Reimbursement of medical marijuana. After several days of trial, the issues left for the judge were the award of permanent disability and future medical treatment. The judge found the present condition of the employee’s lumbar spine and all consequences related to it were causally related to his accident at work. He also found the employee exhibited permanent partial total disability of 65 percent, with 50 percent attributed to his orthopedic condition and 15 percent attributed to the effects of medical marijuana. The judge ordered the employer to reimburse petitioner for the costs of medical marijuana and any related expenses. The parties filed this cross appeal.
Preemption. After noting that the issue of whether the MMA is preempted by the CSA in the context of a workers’ compensation case had not been addressed by any New Jersey state court, the court rejected the employer’s argument that it was physically impossible for an employer to comply with both the CSA and MMA. Rather, the court found there was no conflict between the laws. Under the CSA, the possession, manufacture, and distribution of marijuana is a criminal and punishable offense. However, an employer’s reimbursement of a registered patient’s use of medical marijuana does not require the employer to commit those offenses. In addition, the MMA does not prohibit punishment for those offenses. Rather it accords limited state-law immunity from arrest and prosecution to individuals who use medical marijuana in compliance with the state law. “This immunity does not prohibit the federal government from criminalizing or punishing that conduct. Nor does the MMA bar federal regulation and enforcement,” the court wrote.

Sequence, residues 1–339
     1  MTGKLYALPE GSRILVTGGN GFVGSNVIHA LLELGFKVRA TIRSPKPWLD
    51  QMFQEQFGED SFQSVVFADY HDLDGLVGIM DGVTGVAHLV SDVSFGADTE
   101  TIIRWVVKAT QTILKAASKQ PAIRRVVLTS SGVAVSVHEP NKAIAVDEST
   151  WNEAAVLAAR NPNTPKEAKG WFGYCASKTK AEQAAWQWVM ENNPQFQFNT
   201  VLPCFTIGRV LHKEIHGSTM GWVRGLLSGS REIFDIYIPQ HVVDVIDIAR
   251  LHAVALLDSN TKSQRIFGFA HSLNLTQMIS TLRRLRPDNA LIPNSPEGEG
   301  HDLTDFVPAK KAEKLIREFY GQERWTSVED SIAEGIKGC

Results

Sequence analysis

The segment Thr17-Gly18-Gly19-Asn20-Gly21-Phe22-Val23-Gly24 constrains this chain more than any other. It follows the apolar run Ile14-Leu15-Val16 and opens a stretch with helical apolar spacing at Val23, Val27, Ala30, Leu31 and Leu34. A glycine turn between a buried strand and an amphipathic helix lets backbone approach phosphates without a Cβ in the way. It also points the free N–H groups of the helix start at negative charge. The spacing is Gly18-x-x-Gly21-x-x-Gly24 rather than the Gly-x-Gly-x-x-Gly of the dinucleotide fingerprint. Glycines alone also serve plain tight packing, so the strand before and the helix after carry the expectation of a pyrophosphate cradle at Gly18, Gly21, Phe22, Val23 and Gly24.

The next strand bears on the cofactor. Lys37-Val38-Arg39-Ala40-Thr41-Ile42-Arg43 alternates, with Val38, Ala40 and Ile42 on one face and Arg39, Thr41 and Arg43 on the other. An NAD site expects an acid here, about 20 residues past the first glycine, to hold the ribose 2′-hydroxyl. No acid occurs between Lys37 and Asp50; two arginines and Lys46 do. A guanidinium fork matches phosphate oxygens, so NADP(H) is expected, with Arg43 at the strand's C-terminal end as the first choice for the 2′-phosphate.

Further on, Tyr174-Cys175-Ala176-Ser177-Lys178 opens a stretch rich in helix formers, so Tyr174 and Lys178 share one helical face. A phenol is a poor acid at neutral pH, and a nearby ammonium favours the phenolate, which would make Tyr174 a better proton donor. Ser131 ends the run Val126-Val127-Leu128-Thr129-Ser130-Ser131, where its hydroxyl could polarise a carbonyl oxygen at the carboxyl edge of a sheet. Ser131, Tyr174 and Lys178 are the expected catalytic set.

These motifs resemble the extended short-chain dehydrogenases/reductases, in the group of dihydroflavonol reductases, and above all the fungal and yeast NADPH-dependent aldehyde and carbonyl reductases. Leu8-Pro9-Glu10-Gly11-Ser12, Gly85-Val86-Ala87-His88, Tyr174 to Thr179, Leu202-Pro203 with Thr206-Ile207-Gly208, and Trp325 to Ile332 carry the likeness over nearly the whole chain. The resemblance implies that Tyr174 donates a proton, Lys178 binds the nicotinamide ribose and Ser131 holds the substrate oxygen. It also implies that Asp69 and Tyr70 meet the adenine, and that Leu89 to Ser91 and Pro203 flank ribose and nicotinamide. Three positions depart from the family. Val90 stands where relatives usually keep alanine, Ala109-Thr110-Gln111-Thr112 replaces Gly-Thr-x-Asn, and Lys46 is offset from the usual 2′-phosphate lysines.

No aiding and abetting. The court also rejected the employer’s argument that the CSA preempts the MMA because it would be aiding and abetting the employee in the commission of a crime, the possession of marijuana, if it reimbursed him for medical marijuana as ordered by the compensation judge. Here, the employer is not an active participant in the commission of a crime. The employer would be complying with an order requiring it to reimburse a person for the legal use of medical marijuana under state law. As such, the employer has not established the requisite intent and active participation necessary for an aiding and abetting charge.